Scale-up has always puzzled nonengineers, for whom terms like heat transfer and mass transfer engender a glazed-over look. With the added dimension of living production systems, what is true for scaling up production of foods, chemicals, and small molecule drugs is at least doubly true for bioprocessing. Bioprocessors scaling up are concerned not just with multiplying volumes of cells but in maintaining those cells’ productivity over extended periods. Nothing short of profitability hangs in the balance.
“It’s all about speed to the clinic,” says Hank Talbot, Ph.D., who directs Dowpharma’s Pfenex Expression Technology™ microbial fermentation. Dr. Talbot avoids the catch-phrase “platform technology” relished by cell culture experts but that is what the Pfenex service is after all. In the cell culture world, bioprocessors prefer standard CHO cells, fermentation protocols, and downstream processing for all products within a particular molecular class, for example mAbs.
Pfenex attempts to do the same for non-glycosylated proteins and protein fragments. Using Pfenex, Dowpharma can build a production strain from scratch in a few weeks, Dr. Talbot reports. Development begins with an array of 80-plus unique host strains of Pseudomonas fluorescens, crossed with different expression vectors and secretion leaders.
This stage is carried out in microtiter plates. Candidate strains generating the highest yield are optimized at the 300 to 1,000-mL fermentation scale. “We can have a scalable process confirmed in 20-liter fermentors within a few weeks,” Dr. Talbot says. Dow does not perform manufacturing, but hands off the fully scalable process to contract manufacturers or customers.
A key component of scale-up for many protein targets in Pfenex is optimizing the secretion leader. Dowpharma works primarily with secretion leader molecules containing disulfide bonds, which are best formed in the periplasm, the region between the bacterium’s inner and outer membranes. A secretion leader is a peptide that assists in protein transport across the inner membrane. As it passes through, peptidases cleave off the leader, leaving high concentrations of properly assembled, folded product in the periplasm. From here, the product is released through chemical and physical means developed by Dowpharma without disrupting the cell. This minimizes the release of host cell DNA, protein, and cytoplasm contents, which greatly simplifies purification.
Pfenex fermentations use defined culture media free of antibiotics, animal-derived components, and organic nitrogen. Because it contains only ammonia, salts, and a carbon source, the process is readily scaled regardless of the protein product. Tweaks for improving soluble protein expression and/or isolation are worked out at small scale and directly applied during scale-up.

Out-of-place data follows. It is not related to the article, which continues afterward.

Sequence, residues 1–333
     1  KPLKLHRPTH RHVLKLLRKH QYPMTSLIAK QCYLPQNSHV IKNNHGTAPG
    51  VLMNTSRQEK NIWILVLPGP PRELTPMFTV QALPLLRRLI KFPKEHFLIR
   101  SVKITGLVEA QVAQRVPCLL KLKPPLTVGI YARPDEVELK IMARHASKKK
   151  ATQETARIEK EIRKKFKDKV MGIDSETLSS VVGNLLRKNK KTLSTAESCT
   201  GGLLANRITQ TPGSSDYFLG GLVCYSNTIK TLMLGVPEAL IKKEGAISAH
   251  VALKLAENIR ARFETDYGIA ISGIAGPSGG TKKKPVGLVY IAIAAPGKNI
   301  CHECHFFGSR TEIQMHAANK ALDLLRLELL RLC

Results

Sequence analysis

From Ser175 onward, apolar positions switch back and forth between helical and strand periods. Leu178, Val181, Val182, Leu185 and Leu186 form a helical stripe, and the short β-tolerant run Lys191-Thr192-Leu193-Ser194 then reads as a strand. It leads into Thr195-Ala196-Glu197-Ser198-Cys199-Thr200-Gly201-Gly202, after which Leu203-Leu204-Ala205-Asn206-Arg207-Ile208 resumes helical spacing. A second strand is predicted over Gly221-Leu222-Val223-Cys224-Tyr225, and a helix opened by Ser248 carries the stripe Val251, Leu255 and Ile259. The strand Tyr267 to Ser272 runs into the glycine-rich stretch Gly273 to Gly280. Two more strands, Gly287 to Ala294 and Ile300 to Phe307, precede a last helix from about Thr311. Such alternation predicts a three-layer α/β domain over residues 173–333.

Microbial systems are innately simpler than cell culture, which greatly simplifies technology transfer. Fermentations run about two days, compared with two weeks for mammalian cell culture. Secretion leaders help produce much cleaner feed-streams compared with nonsecreted microbial products, and volumetric productivity can be as high as 15 grams of protein per liter.
Since it utilizes bacteria, Pfenex cannot produce glycosylated proteins. However, it can produce mAb fragments containing the active regions of these proteins. These proteins can be conjugated with toxins or other bioactive molecules or PEGylated to improve pharmacokinetic properties.
Critical Support Components
Scale-up efforts that focus strictly on unit operations and engineering algorithms may still miss critical support activities, without which processes cannot move forward.
Analysis, including process analytic technology (PAT) and more traditional QA/QC and process monitoring, play an integral role in scale-up. The larger the process the greater the investment and hence more tightly processors must control product characteristics. “We see more delays and constraints from product comparability characterization than for process-related events,” says Friedrich Nachtmann, Ph.D., head of biotech cooperations at Sandoz.
Sandoz maintains a broad portfolio of products that it manufactures for customers as well as its own medicines. Most are produced through microbial fermentation, although the company also maintains a cell culture facility for mAbs. “There is more excitement with microbials, however, because product variability is higher in that production system than with cultured cells,” Dr. Nachtmann adds.
To eliminate the risk of product quality drifting from batch to batch or during scale-up, Sandoz is investing significantly in “up-front analytical characterization,” according to Dr. Nachtmann. Most of this work is performed offline in parallel with process development. Sandoz also has a PAT program in place for achieving continuous process improvement of established processes. However, Dr. Nachtmann distinguishes PAT-related monitoring from real characterization of product purity.
Data is another easy-to-overlook issue in scale-up. According to Pete Latham, president of Biopharm Services, pharmaceutical/ biotech manufacturers spend 13% of their time looking for data and fail to find it between 10% and 20% of the time. Data problems plague the pharmaceutical value chain from discovery through manufacturing, where lost data means duplication of effort. Biopharm Services recently received a grant from the U.K. government to study how data is managed and used during process development and scale-up.